Initially, Ury and his cofounder, Kaye Puhlmann (both formerly consumer experience designers for digital ad agencies; Ury has worked with clients like Apple, Nike and Starbucks), imagined that families would be the primary users of the site. “Parents reading on the iPad to their kids in bed,” Ury said. Parents and kids are indeed using Storybird — “and a lot of people create stories almost as extended greeting cards,” Ury said — but it turns out the largest demographic is teachers and students. Over 125,000 schools are now on Storybird, with teachers issuing assignments to students and using the site in the classroom to help kids with their writing skills. The most recent demographic — and “the most voracious,” according to Ury — is teen and tween girls. “They are using it for what I’d almost call conversation and communication,” he added, sharing images and messages with each other online “the same way you might use Tumblr.”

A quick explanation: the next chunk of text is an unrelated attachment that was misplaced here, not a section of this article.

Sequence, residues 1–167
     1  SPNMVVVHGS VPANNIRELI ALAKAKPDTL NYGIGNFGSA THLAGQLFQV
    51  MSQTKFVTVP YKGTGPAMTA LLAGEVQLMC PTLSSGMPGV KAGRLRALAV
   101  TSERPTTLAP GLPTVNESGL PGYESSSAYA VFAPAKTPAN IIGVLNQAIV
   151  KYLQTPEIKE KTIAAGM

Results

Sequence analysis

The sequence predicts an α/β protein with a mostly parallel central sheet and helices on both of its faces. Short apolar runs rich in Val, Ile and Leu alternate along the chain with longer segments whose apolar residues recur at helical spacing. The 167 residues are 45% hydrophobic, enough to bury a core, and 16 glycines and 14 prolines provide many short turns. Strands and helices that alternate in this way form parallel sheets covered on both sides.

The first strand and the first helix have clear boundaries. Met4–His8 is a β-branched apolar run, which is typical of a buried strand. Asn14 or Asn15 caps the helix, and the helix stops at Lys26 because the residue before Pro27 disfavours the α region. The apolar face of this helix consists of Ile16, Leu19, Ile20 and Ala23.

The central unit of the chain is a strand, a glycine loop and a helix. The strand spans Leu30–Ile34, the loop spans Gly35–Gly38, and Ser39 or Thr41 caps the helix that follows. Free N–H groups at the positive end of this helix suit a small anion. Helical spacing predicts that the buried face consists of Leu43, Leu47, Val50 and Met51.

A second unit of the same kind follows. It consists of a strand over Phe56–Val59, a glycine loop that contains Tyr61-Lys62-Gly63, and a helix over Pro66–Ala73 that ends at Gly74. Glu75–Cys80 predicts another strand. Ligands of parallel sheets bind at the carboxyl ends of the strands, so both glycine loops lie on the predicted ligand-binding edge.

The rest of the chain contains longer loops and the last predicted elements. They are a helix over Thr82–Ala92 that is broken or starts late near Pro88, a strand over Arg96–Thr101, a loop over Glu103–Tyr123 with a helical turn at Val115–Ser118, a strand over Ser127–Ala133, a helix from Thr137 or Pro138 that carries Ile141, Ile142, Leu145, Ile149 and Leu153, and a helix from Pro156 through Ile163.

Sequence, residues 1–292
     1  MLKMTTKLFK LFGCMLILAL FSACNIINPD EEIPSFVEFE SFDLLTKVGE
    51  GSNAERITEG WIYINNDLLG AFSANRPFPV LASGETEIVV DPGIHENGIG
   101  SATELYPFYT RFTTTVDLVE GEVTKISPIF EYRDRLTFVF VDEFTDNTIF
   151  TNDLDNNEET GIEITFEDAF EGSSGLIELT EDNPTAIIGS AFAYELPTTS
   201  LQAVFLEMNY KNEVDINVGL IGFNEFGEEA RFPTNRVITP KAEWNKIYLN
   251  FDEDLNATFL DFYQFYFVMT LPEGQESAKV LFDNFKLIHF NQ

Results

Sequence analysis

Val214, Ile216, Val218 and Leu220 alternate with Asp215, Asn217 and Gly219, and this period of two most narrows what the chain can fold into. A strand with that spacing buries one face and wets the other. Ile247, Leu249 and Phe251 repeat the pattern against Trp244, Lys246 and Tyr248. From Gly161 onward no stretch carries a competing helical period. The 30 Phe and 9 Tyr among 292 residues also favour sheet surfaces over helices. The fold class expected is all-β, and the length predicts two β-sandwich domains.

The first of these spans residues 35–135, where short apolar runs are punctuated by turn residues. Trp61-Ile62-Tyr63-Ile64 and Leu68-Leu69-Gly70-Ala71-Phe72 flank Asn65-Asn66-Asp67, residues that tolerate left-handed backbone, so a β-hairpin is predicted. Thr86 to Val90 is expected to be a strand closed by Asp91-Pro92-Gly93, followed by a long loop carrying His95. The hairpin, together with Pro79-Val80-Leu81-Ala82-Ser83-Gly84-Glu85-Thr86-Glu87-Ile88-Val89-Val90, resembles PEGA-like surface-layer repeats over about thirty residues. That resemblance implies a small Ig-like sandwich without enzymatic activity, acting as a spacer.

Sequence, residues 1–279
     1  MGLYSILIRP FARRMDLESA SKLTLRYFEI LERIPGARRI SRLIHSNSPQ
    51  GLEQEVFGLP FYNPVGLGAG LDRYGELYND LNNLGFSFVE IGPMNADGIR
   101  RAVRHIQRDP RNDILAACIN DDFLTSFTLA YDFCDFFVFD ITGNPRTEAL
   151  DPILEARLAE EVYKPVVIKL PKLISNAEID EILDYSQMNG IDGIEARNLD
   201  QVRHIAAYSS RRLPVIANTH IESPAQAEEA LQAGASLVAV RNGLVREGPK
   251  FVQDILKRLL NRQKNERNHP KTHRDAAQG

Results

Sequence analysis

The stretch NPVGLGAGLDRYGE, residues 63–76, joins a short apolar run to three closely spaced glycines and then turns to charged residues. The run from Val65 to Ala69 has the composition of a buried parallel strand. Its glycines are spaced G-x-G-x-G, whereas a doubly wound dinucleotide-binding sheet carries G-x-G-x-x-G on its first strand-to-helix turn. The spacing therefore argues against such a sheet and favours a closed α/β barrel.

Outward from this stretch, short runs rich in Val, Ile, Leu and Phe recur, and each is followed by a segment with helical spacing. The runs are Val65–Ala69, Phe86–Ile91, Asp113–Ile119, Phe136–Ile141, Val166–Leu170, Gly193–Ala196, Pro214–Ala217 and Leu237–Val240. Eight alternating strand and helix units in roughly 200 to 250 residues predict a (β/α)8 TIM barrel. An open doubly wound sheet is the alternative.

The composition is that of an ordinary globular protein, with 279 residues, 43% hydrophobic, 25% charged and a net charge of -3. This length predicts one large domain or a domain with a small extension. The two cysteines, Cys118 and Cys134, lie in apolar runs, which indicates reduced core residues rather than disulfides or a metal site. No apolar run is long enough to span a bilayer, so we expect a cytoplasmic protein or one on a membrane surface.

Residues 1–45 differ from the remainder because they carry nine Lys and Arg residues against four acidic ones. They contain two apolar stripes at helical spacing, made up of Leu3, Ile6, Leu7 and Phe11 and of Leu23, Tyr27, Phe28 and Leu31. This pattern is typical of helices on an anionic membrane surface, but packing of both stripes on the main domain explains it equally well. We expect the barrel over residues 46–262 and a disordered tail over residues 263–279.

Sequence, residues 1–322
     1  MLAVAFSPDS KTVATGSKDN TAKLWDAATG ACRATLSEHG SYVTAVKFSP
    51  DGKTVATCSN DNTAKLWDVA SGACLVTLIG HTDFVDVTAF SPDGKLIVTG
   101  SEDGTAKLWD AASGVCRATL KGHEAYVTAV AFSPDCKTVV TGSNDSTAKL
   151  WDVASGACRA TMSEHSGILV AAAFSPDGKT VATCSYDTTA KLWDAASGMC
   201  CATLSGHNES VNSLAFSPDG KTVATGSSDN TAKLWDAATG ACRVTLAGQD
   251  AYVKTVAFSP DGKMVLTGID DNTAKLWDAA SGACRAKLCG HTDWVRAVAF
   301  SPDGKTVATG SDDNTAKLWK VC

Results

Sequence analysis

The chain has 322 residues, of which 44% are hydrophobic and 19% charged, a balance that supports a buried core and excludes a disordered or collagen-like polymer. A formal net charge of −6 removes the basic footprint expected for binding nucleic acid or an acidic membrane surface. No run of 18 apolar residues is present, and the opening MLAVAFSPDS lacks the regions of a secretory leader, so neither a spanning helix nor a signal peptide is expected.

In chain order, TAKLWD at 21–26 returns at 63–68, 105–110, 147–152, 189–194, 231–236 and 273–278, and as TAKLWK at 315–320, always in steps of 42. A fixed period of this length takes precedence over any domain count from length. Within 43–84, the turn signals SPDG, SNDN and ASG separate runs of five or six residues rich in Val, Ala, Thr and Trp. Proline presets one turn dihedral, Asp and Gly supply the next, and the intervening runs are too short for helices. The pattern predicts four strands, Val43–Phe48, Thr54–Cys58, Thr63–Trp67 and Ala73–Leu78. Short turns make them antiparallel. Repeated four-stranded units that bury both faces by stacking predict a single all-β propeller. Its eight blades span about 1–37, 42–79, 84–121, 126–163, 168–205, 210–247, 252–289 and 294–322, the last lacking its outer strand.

This is the problem with ebooks. Publishers, editors, and authors treat them as Cinderella stepchildren — as a way to do the work of increasing revenues without being given an opportunity to shine on their own — you know, scrub my floors, make them shine, but don’t walk on them. The consequence is that what should be an excellent reading experience becomes an annoying one. The neglect becomes evident, and the $14.99 the publisher demands for the ebook version becomes a sore point. In my case, it becomes a double sore point because I bought both the hardcover version (where the illustrations are readable) and the ebook version as I noted in The Lure of eBooks: Gotcha!. I might have done this again with another TOR/Macmillan book, albeit reluctantly, but now you can bet I won’t. Rip me off once, shame on you; rip me off twice, shame on me!